Instead, what Jesus urges from us is watchfulness. Verses 33-37:

33 Be on guard! Be alert! You do not know when that time will come. 34 It’s like a man going away: He leaves his house and puts his servants in charge, each with their assigned task, and tells the one at the door to keep watch.
35 “Therefore keep watch because you do not know when the owner of the house will come back—whether in the evening, or at midnight, or when the rooster crows, or at dawn. 36 If he comes suddenly, do not let him find you sleeping. 37 What I say to you, I say to everyone: ‘Watch!’”

To Jesus, not knowing when the end will be is reason to be alert at all times. If you are put in charge of watching the door, and told that your boss will come back sometime during the night, but not exactly when, and when he comes he will expect you to be awake, what will you do? You are going to do everything you can to stay awake and watchful, because you don’t want to be found sleeping on the job.

In the same way, Jesus wants us to live every day with an awareness that He could come back at any time. It should be our goal to be found doing what He has called us to do.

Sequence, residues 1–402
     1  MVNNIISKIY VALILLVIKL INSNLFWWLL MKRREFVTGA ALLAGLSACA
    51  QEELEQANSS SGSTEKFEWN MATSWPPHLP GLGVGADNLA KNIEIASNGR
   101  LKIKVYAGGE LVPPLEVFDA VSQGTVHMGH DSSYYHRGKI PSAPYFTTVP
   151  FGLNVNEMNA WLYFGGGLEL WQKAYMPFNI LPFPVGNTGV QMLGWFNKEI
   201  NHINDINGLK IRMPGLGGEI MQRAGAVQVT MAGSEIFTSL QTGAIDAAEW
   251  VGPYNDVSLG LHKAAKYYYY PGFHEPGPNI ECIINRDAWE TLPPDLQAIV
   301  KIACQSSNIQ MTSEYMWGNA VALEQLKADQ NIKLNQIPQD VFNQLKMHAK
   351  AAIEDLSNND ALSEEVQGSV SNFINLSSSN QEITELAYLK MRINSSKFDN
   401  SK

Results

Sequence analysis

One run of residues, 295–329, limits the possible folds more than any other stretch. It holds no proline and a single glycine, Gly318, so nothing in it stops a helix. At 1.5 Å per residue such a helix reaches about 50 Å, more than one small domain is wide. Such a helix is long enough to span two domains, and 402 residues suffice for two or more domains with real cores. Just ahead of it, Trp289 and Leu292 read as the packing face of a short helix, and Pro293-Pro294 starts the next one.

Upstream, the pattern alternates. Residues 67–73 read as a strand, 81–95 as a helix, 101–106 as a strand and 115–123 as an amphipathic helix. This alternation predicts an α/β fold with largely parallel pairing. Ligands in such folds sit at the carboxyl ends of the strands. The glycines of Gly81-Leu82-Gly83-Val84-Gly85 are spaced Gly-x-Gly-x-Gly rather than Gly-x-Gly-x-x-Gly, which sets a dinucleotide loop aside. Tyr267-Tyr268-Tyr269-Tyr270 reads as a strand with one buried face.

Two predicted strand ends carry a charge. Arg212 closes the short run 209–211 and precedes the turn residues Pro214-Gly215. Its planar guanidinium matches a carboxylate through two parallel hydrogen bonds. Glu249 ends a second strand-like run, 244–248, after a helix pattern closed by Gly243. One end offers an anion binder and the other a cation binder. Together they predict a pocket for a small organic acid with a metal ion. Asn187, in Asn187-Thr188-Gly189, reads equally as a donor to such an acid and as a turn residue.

The first Palm Sunday led directly to the arrest and crucifixion of Jesus. Instead of crowning Jesus King, the people ended up calling for the cross.

But the second Palm Sunday, the one yet to come, will lead to everyone recognizing Jesus as Lord. The suffering of this world will end, broken things will be repaired, and Jesus will reign without dispute.

And so we look forward to Christ’s return. It should be our greatest prayer.

At the end of the every service, after I give the blessing, I use a word that people often ask me about. It’s the word “maranatha.” It’s an Aramaic word, it comes from 1 Corinthians 16, and it means: “O Lord, Come!”

I use that word every week to end our service because we should all live in anticipation of Christ’s return. We should endure until He gets here, we should live with hope, and we should remain watchful.